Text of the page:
Specific Course RequirementsThis course has a compulsory 15-day field trip to Central Australia and the practical work on the field trip is compulsory.
The University's policy on Assessment for Coursework Programs is based on the following four principles:
- Assessment must encourage and reinforce learning.
- Assessment must enable robust and fair judgements about student performance.
- Assessment practices must be fair and equitable to students and give them the opportunity to demonstrate what they have learned.
- Assessment must maintain academic standards.
Assessment Task Task Type Percentage of total asssessment for grading purposes Hurdle
Outcomes being assessed/achieved Due date Field Geological Map 1 Formative and Summative 25%
1-7 Week 1 of field camp Field Geological Map 2 Formative and Summative 20% Yes 1-7 Week 2 of field camp
Field Practical Test
Formative and Summative 10% No 1,2,3 End of week 1 of field camp In-field quiz Summative 10% No 1-7 End of week 2 of field camp Written exam Summative 35% Yes 1-7 After field camp
Assessment Related Requirements
Assessment Task Requirement for hurdle Is additional assessment available if student does not reach hurdle requirement Details of additional assessment Field geological map 1 and Field geological map 2 A combined mark of 50% for the two submitted maps
Written exam 50% Yes Additional assessment
Field Geological Map 1 (25%): Students will construct a geological map based on 6 days of geological field work during week 1 of the field camp. The mapping exercise is designed to develop the skills required to: 1) interpret and solve geological relationships at a variety of scales; and 2) synthesise these relationships into four-dimensional models that describe the geological evolution of terrains.
The students work in small mapping groups for the week; however each student must submit their own geological map and as such, each student will be assessed individually for each map (as well as all other assessment items).
Feedback on this map is usually given during the trip (however, exceptions could be related to the logistics of the marking exercise for very large classes).
Field Geological Map 2 (20%): Students will construct a geological map based on 5 days of geological field work during week 2 of the field camp (in a different field area to week 1 of the camp). The mapping exercise is designed to develop the skills required to: 1) interpret and solve geological relationships at a variety of scales; and 2) synthesise these relationships into four-dimensional models that describe the geological evolution of terrains.
The students work in small mapping groups for the week; however each student must submit their own geological map and as such, each student will be assessed individually for each map (as well as all other assessment items). Feedback for this map cannot be given during the camp, but will occur back in Adelaide.
Field practical test (10%): Over the course of 1 hour, students will walk a traverse over exposed outcrop and construct a geological log comprising the mineralogy, rock types, structural features and structural/tectonic history of the rock sequence. The students work independently under exam conditions for this exercise. The exercise is designed to test the mineralogical and field structural skills that the students have developed over their past 6 days of mapping, as per Field Geological Map 1 above.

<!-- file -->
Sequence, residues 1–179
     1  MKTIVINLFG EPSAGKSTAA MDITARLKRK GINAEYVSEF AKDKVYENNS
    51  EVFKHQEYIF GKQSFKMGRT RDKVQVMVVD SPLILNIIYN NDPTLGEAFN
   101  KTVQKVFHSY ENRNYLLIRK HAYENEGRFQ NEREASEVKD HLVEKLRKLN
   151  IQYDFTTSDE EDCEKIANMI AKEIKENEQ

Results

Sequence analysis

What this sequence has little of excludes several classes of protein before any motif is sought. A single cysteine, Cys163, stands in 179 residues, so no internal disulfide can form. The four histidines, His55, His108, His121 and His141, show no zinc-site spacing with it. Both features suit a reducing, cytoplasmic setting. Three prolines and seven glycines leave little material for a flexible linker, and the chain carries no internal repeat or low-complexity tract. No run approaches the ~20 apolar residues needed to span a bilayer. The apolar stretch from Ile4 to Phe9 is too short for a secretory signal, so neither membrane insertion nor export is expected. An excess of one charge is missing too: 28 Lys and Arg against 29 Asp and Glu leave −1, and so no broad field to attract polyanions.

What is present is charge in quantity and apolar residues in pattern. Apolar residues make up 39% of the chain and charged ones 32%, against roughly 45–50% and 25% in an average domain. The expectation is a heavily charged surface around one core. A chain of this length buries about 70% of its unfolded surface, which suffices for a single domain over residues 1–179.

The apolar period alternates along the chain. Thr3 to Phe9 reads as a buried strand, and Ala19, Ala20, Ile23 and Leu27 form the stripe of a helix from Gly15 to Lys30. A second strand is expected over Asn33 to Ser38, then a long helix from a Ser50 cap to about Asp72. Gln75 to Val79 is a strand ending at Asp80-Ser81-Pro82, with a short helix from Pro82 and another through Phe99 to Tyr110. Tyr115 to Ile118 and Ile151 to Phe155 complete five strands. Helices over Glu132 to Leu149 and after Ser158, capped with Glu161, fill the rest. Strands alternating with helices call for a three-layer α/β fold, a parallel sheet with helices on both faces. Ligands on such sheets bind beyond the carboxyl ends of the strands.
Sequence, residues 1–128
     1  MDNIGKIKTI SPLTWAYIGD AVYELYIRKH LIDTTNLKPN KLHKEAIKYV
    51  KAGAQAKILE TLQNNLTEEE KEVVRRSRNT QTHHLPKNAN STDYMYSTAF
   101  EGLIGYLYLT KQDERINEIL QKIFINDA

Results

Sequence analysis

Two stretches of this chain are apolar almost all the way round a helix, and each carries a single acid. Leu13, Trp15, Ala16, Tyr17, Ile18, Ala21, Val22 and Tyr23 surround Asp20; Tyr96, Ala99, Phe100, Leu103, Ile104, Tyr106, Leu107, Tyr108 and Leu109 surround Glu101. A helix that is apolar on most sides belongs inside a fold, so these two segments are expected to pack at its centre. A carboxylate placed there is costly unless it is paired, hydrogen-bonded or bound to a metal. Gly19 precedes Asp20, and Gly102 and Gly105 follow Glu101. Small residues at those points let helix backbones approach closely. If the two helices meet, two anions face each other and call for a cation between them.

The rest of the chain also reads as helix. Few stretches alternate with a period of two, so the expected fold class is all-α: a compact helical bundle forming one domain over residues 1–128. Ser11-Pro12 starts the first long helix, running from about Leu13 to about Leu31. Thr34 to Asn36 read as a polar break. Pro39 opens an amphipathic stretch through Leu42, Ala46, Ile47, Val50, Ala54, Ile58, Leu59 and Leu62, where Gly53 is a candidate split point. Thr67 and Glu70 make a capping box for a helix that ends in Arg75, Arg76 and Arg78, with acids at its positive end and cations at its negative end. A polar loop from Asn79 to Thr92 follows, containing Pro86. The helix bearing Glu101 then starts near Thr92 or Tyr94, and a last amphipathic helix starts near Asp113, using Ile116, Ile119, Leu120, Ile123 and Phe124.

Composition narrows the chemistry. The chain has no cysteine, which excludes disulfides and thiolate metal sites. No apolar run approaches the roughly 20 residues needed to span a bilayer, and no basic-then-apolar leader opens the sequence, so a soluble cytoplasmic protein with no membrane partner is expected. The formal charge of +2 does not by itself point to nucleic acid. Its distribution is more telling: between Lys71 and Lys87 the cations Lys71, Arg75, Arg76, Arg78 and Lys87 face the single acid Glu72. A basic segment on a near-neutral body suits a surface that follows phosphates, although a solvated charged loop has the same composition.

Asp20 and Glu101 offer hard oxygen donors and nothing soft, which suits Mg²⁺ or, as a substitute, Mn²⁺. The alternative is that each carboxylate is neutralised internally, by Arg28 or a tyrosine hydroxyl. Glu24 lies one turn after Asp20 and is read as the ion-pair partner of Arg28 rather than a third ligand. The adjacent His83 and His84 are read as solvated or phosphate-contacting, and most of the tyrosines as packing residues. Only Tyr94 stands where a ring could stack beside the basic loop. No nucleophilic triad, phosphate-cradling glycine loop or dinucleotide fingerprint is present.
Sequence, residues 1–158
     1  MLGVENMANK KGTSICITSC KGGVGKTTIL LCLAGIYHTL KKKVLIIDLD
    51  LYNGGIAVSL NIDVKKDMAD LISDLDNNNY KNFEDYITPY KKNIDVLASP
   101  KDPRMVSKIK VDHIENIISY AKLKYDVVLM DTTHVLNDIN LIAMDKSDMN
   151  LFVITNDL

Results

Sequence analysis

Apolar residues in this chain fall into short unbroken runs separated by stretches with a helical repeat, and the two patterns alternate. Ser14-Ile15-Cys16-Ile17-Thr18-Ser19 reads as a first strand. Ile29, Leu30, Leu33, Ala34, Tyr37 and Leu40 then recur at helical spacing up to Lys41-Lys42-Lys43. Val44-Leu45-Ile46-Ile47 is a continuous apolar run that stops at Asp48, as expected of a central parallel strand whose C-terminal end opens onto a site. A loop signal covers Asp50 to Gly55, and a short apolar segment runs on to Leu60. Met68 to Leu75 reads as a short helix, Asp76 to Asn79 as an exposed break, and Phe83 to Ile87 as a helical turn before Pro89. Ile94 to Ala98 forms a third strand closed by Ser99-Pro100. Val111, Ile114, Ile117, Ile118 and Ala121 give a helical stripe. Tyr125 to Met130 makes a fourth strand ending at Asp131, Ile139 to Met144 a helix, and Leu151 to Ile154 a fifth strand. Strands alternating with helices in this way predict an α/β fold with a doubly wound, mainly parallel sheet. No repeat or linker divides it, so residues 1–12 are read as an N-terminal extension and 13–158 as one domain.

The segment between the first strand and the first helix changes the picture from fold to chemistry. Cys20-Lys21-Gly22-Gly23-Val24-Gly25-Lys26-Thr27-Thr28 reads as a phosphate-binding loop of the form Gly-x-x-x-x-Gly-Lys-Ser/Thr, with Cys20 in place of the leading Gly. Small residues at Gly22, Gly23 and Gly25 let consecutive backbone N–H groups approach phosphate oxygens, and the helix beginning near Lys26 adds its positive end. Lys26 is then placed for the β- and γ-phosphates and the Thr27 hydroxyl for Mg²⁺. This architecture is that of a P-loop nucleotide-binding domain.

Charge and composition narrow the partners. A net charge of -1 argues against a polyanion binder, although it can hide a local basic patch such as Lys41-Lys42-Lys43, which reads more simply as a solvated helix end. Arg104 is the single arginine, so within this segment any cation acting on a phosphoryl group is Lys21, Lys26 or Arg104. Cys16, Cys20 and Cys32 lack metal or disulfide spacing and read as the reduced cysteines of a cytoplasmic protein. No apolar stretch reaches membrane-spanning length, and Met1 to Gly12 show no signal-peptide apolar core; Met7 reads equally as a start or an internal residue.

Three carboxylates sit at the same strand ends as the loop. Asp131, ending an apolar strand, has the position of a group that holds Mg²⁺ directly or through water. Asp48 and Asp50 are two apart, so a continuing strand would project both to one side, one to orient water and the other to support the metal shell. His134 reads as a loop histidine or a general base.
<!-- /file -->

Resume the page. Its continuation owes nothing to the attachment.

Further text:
In-field quiz (10%): Students will do a 1 hour long written quiz on the morning of the last day of the field camp. The quiz is designed to serve two purposes: 1) to get the students to think about field observations they have seen over the duration of the mapping camp, and be able to understand and interpret the local meaning of these observations; 2) to have the students working independently/individually. This quiz will not be based on the geological maps that the students have produced. However, the questions will be designed such that they provide preparation for the final written exam.
Written exam (35%): Students will sit a 3 hour written exam approximately 3-6 weeks after returning from the field mapping camp. The exam will be a mixture of long (essay-type) and short answer questions that will be based around their mapping in central Australia as well as the geological mapping more broadly in order to test the geological skills they have gleaned not only from this course but also during their undergraduate degree. Students will be required to read key pieces of the literature (provided to them) prior to the exam in order to be prepared for the exam.
If an extension is not applied for, or not granted then a penalty for late submission will apply. A penalty of 10% of the value of the assignment for each calendar day that the assignment is late (i.e. weekends count as 2 days), up to a maximum of 50% of the available marks will be applied. This means that an assignment that is 5 days late or more without an approved extension can only receive a maximum of 50% of the marks available for that assignment.
Grades for your performance in this course will be awarded in accordance with the following scheme:
M10 (Coursework Mark Scheme) Grade Mark Description FNS Fail No Submission F 1-49 Fail P 50-64 Pass C 65-74 Credit D 75-84 Distinction HD 85-100 High Distinction CN Continuing NFE No Formal Examination RP Result Pending
Further details of the grades/results can be obtained from Examinations.
Grade Descriptors are available which provide a general guide to the standard of work that is expected at each grade level. More information at Assessment for Coursework Programs.
Final results for this course will be made available through Access Adelaide.